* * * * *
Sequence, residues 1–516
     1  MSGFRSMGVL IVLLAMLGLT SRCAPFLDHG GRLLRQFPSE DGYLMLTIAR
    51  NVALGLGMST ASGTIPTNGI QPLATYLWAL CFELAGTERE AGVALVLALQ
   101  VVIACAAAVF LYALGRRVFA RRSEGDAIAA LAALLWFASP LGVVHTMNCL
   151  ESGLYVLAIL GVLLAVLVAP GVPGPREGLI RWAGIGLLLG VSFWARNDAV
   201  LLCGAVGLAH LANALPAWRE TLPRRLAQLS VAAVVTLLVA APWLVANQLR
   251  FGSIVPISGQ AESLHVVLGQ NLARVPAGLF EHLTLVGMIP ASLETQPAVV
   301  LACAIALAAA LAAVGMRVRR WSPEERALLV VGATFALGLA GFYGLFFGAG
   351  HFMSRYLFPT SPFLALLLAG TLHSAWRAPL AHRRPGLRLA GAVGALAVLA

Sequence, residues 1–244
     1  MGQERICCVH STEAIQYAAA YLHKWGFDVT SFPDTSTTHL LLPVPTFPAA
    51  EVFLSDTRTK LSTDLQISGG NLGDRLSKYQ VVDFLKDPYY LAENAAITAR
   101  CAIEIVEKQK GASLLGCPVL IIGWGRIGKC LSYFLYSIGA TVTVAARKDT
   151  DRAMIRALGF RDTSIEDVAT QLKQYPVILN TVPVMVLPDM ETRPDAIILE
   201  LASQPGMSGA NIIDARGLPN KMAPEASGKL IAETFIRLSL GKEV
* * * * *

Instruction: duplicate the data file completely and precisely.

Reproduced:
Sequence, residues 1–516
     1  MSGFRSMGVL IVLLAMLGLT SRCAPFLDHG GRLLRQFPSE DGYLMLTIAR
    51  NVALGLGMST ASGTIPTNGI QPLATYLWAL CFELAGTERE AGVALVLALQ
   101  VVIACAAAVF LYALGRRVFA RRSEGDAIAA LAALLWFASP LGVVHTMNCL
   151  ESGLYVLAIL GVLLAVLVAP GVPGPREGLI RWAGIGLLLG VSFWARNDAV
   201  LLCGAVGLAH LANALPAWRE TLPRRLAQLS VAAVVTLLVA APWLVANQLR
   251  FGSIVPISGQ AESLHVVLGQ NLARVPAGLF EHLTLVGMIP ASLETQPAVV
   301  LACAIALAAA LAAVGMRVRR WSPEERALLV VGATFALGLA GFYGLFFGAG
   351  HFMSRYLFPT SPFLALLLAG TLHSAWRAPL AHRRPGLRLA GAVGALAVLA

Sequence, residues 1–244
     1  MGQERICCVH STEAIQYAAA YLHKWGFDVT SFPDTSTTHL LLPVPTFPAA
    51  EVFLSDTRTK LSTDLQISGG NLGDRLSKYQ VVDFLKDPYY LAENAAITAR
   101  CAIEIVEKQK GASLLGCPVL IIGWGRIGKC LSYFLYSIGA TVTVAARKDT
   151  DRAMIRALGF RDTSIEDVAT QLKQYPVILN TVPVMVLPDM ETRPDAIILE
   201  LASQPGMSGA NIIDARGLPN KMAPEASGKL IAETFIRLSL GKEV